Saturday, September 15, 2007

charles wesley at 300 and other thoughts

Our church hosted a gathering of over 230 singers from choirs across North and South Carolina, mostly from Methodist and Presbyterian congregations, over this weekend. The event culminated with a service/concert, which included a number of Charles' hymns, following the basic pattern of the liturgical year, beginning with "Hark The Herald Angels Sing" and concluding with "Come Thou Long Expected Jesus". The clinician, Andre Thomas from Florida State University, was superb: dynamic as a conductor with the choir, engaged as a speaker with the congregation. It was all very inspiring.

One of the high moments for me was the singing of "And Can It Be That I Should Gain", which is rarely sung in our congregation but which possesses a depth that is nothing short of remarkable; the Archbishop of Canterbury, Rowan Williams, has described it as the finest hymn in the English language.

For example:

"He left his Father's throne above
so free, so infinite his grace;
emptied himself of all but love
and bled for Adam's helpless race.
Tis mercy all, immense and free
for O, my God, it found out me".

In my book on Methodist Spirituality (A Way of Life In The World, see link to the right), I argue for the centrality of the Wesley hymns if our church is to retain its vitality as a movement. The concert yesterday, and a renewed engagement with these texts was a gift. Singing and standing next to my district superintendent George, with whom I once served as an associate pastor, was also a wonderful experience. I am grateful to Father Charles, but mostly to the God for whom these classic hymns were written!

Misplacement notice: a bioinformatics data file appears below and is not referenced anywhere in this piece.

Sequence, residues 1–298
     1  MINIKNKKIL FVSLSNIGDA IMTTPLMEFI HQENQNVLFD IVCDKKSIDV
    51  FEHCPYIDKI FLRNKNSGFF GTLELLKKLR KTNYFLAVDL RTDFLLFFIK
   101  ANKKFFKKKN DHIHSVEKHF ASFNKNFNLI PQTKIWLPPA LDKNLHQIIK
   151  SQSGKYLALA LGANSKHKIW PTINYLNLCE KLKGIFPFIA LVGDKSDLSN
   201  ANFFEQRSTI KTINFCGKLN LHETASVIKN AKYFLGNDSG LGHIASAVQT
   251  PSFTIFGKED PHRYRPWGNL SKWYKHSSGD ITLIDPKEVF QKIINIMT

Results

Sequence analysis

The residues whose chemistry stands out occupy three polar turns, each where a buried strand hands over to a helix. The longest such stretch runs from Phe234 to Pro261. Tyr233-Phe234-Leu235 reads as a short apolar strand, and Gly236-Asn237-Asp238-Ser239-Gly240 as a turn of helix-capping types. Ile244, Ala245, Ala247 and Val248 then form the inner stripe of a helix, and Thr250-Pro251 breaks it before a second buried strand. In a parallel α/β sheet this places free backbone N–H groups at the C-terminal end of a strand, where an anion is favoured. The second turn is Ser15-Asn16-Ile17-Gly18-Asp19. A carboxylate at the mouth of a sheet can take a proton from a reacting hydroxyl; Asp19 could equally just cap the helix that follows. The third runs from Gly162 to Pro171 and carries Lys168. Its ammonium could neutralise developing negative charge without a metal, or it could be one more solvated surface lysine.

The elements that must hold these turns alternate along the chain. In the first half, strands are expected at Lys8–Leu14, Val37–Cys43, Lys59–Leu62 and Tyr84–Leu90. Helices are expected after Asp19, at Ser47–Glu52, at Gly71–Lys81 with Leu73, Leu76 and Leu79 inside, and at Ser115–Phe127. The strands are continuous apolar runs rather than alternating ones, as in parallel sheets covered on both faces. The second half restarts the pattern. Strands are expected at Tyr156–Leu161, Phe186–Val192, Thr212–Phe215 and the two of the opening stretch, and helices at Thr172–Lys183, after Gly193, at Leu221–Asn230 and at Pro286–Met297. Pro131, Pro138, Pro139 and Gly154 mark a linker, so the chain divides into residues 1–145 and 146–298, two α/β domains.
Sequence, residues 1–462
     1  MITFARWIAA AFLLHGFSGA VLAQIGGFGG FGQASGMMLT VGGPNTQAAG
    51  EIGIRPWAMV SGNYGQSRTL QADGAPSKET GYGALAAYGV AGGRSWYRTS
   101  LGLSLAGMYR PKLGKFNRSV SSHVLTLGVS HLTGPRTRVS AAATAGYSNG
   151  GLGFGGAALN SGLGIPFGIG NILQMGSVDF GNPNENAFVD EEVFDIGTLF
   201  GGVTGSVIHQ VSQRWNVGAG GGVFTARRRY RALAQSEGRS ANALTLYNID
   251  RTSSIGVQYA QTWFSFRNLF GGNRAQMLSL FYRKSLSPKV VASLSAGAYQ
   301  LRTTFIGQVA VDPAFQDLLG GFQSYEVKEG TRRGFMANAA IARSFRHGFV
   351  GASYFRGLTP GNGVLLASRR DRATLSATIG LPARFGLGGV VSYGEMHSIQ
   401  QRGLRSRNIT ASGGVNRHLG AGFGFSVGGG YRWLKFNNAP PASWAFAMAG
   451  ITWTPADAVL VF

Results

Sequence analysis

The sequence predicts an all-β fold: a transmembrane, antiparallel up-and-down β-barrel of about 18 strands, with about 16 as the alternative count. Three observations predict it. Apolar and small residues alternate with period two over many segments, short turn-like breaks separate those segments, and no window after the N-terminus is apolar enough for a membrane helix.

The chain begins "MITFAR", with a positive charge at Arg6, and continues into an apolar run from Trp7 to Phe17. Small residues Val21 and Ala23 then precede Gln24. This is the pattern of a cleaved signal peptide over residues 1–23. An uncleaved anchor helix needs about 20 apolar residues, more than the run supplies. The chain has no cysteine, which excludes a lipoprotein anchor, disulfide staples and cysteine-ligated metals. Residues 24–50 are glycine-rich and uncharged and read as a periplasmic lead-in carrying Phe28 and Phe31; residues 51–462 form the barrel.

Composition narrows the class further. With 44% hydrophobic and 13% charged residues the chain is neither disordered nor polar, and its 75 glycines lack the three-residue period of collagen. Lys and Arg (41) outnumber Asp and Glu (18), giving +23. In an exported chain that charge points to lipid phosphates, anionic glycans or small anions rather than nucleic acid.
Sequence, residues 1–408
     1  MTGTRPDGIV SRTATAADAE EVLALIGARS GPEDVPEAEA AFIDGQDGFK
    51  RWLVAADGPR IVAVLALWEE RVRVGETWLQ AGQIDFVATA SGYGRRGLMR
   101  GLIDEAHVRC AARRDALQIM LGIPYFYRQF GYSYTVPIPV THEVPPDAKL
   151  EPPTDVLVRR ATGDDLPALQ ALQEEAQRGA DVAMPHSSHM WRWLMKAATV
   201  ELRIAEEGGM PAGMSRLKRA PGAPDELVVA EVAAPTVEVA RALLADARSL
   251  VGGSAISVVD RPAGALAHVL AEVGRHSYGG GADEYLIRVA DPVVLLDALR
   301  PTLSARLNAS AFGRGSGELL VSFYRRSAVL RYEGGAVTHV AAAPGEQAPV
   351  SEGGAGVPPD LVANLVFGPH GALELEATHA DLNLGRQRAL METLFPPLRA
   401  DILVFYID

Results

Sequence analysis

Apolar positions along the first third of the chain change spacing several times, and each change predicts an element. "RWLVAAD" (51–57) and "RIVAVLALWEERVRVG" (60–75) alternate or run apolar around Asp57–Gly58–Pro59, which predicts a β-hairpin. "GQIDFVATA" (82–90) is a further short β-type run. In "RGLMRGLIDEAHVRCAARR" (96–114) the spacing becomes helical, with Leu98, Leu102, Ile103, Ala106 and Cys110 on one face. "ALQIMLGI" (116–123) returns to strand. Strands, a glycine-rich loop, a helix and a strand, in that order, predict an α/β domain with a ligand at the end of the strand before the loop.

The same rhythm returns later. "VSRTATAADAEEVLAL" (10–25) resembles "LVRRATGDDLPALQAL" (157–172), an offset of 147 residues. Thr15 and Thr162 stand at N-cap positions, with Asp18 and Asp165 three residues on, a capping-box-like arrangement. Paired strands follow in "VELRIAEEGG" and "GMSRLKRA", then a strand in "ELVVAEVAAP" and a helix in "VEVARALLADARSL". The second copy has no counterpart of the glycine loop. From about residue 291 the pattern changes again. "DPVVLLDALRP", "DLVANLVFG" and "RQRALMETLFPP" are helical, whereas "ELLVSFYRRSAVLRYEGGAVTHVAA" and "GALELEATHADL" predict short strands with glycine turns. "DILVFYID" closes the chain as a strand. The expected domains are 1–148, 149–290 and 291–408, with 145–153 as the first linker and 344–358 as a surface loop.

But there was more this morning: baptisms in each service; a report about Family Promise, formerly Interfaith Hospitality Network, which our church hosts; an introduction of a family who are moving into an apartment because of the ministry; and the musical response to the benediction, consisting of "If You're Happy and You Know It" and "Amen", with the congregation clapping in time and Danny, one of our adults with developmental disabilities moving into the aisle and was as close as I will be, I am sure, to the Kingdom of God this week.



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